Summary of findings Performing monthly sputum smear microscopy and culture was the best strategy in identifying failures earlier. Sputum smear microscopy alone resulted in delayed detection of failure: when done at monthly rather than two monthly intervals it increased the detection of failure slightly (not significantly). In patients who were smear-negative at the start of treatment, monthly smear monitoring (compared with culture) resulted in a statistically significantly greater risk of delayed detection of failure compared with smear-positive patients. Stratified estimates by HIV serostatus, body mass index, and extent of disease on chest radiograph, were not significantly different (P>0.05). The related end-points of drug resistance, initiation of appropriate treatment and the acquisition of resistance were not measured. There was no information about reversion or reinfection and no data were available to assess the quality of culture and smear testing. Other methods of evaluating response to treatment such as clinical indicators or chest radiography were not evaluated.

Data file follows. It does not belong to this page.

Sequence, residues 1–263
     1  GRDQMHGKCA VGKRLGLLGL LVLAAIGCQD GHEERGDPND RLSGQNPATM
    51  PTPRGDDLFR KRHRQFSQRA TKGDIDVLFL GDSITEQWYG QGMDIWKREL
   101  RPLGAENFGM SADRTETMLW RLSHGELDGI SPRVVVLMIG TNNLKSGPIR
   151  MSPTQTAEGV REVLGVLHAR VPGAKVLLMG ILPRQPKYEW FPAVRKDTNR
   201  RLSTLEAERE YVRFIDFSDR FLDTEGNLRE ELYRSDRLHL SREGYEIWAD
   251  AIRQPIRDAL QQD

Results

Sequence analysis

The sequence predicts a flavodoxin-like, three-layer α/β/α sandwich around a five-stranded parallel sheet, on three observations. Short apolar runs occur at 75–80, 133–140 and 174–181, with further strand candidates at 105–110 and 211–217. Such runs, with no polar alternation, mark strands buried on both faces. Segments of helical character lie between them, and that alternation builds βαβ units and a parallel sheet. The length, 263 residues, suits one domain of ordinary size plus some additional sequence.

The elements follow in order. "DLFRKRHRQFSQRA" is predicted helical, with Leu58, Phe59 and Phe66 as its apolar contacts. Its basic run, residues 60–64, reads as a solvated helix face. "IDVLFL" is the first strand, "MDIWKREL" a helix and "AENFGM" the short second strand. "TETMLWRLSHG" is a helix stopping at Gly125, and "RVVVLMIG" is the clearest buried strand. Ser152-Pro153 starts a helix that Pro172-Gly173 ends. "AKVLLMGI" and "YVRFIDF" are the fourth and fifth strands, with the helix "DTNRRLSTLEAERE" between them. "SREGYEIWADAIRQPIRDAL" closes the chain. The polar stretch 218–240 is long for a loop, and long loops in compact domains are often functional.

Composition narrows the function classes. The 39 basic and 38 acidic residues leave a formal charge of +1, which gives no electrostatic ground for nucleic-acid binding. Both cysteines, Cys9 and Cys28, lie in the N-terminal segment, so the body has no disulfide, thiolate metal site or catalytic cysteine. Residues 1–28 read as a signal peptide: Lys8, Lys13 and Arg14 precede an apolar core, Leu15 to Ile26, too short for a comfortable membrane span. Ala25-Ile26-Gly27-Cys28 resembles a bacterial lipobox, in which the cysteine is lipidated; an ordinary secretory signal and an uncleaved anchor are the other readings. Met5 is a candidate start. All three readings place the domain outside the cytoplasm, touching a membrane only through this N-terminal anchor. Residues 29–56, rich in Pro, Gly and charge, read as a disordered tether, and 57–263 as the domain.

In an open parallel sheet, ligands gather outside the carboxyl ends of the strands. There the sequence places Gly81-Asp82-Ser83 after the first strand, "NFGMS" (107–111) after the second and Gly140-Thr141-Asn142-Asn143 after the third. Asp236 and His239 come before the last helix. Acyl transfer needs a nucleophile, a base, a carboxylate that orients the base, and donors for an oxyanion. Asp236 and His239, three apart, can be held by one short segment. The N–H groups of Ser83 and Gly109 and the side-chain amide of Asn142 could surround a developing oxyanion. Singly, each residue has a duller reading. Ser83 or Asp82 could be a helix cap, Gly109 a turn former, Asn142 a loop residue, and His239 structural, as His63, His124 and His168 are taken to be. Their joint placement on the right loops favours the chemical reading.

Benefits Concomitant use of sputum smear microscopy and culture test results helps identify patients whose bacteriology remains positive or reverts to positive following initial


conversion to negative. This is of use to clinicians in identifying patients likely to fail their treatment and instituting infection control measures in a timely manner. There was overall certainty about the risk of missing or delaying the detection of failure if smear alone was used instead of culture. Additional benefits would be expected from reduced transmission and development of resistance as well as appropriate changes to treatment regimens, but these were not explicitly addressed by the analysis.

Risks

The quality of culture performance differs importantly. False-positive cultures could lead to changes in regimen that may entail more potentially toxic medication. A falsenegative culture result may influence a treatment decision based on clinical and direct microscopy findings.